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In this map of the Pacific Ocean off North America, the colors reveal differences in sea surface temperature compared to average. The darkest red splotches represent a difference of 4-5 degrees C. Since each degree Celsius is 1.8 degrees Fahrenheit, the darkest red shows a temperature of 9 degrees F. higher than normal. Image: NOAA Coral Reef Watch SST anomalies, Sept. 24

Warm ocean waters work their way into Puget Sound

Unusually warm waters in the Pacific Ocean — now pushing up against the Washington coast — are keeping oceanographers on alert for changes that could reverberate through the food web, potentially affecting fish, birds and marine mammals in coastal waters and in Puget Sound.

Rising ocean temperatures may be related to recent sightings of warm-water fish not usually seen in the Northwest, including a bluefin tuna that washed up on Orcas Island and large schools of mackeral observed in the Strait of Juan de Fuca. Worrisome levels of domoic acid, a dangerous toxin produced by a type of plankton, have been reported off the Oregon coast.

While it is too early to know how severe conditions may get, strengthening El Niño climate patterns suggest that regional ocean warming may grow even stronger next spring. Nobody has forgotten the years 2013-2016, when a huge patch of warm water, dubbed “the blob,” arrived on the coast during a strong El Niño and proceeded into Puget Sound. In some places, temperatures rose as much as 7 degrees Fahrenheit with catastrophic effects on the ecosystem.

Before the end of the warm period, toxic algae blooms forced the closure of a multi-million-dollar Dungeness crab fishery. Fish populations were dislocated, some pushing up from the south and competing with more local species. Food shortages, particularly along the coast, took the lives of thousands of sea birds and marine mammals.

Today’s stormy weather could affect coastal upwelling and allow warmer water from the Pacific Ocean to enter Puget Sound, according to experts who expect more storms to follow. Click to access animation website. GeoColor image: CIRA/NOAA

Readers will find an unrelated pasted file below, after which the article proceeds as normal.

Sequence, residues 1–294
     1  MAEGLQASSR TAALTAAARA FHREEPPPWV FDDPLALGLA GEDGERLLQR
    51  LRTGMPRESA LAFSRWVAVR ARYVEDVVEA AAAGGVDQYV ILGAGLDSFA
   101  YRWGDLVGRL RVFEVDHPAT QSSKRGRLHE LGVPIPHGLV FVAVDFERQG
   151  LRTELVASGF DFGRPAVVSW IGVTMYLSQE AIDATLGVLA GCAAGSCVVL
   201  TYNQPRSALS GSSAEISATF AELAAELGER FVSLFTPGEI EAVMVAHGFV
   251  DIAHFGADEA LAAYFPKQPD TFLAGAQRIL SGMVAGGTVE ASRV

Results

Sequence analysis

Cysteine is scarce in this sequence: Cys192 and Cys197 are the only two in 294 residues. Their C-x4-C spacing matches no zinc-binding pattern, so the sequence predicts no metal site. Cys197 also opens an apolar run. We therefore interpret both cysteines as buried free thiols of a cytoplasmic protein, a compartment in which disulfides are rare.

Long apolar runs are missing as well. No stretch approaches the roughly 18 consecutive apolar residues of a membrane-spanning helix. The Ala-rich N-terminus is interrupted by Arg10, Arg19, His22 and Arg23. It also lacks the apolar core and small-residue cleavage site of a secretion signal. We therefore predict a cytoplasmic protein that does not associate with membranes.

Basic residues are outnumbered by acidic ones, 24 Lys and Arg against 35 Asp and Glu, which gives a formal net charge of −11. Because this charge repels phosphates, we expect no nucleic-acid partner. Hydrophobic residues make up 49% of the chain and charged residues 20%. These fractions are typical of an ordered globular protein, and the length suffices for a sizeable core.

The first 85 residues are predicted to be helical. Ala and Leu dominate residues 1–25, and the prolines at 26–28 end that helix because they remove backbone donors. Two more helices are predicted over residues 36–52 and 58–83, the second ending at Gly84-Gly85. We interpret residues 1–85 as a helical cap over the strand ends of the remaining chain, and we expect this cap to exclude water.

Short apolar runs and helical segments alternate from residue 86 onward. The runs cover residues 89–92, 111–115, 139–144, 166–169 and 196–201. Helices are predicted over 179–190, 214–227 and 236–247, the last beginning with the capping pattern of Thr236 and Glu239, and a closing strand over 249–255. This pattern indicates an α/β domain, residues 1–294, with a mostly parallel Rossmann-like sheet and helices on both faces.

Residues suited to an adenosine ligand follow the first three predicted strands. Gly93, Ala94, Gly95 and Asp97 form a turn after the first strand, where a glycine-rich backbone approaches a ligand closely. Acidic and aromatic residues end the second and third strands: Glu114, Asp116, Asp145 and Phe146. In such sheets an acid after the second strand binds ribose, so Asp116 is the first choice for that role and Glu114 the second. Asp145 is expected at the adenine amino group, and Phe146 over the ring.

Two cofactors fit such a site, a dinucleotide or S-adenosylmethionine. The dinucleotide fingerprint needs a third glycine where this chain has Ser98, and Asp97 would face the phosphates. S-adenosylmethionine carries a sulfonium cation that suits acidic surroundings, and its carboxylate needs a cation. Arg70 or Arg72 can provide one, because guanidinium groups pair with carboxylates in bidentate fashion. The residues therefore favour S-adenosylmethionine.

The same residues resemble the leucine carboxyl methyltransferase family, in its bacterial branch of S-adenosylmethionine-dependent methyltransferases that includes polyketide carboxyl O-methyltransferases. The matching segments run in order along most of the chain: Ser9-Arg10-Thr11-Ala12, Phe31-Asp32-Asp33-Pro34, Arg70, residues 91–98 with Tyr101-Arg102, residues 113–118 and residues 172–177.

So far this year, a band of cold, upwelling water along the coast has kept the warm ocean waters from creeping into Puget Sound, according to Christopher Krembs, lead oceanographer with the Washington Department of Ecology. That cold upwelling — a function of winds and coastal currents — is normal during the summer months but typically declines during the fall. As today’s stormy weather hit the West Coast, there were signs that the upwelling had stopped. That could allow warm water to make its way more swiftly into Puget Sound with stronger effects for the inland waterway.

During the blob, coastal upwelling relaxed in September 2014. The warmer, heavier sea water was able to flow into the Strait of Juan de Fuca. Weak tidal forces at the time allowed the water to spill over the Admiralty Inlet sill — a distinct mound that rises from the bottom and forms an impediment to seawater coming into Puget Sound. The warmer water arrived quickly. Within two weeks, waters throughout most of the Sound had gone up by 1 to 2 degrees Celsius, Krembs said, and that was only the beginning.

Although the warmest waters in the North Pacific are now well offshore, much of the region’s sea surface temperatures have remained unusually warm long enough to be recognized as a “marine heat wave,” joining a growing number of heat waves reported across the globe.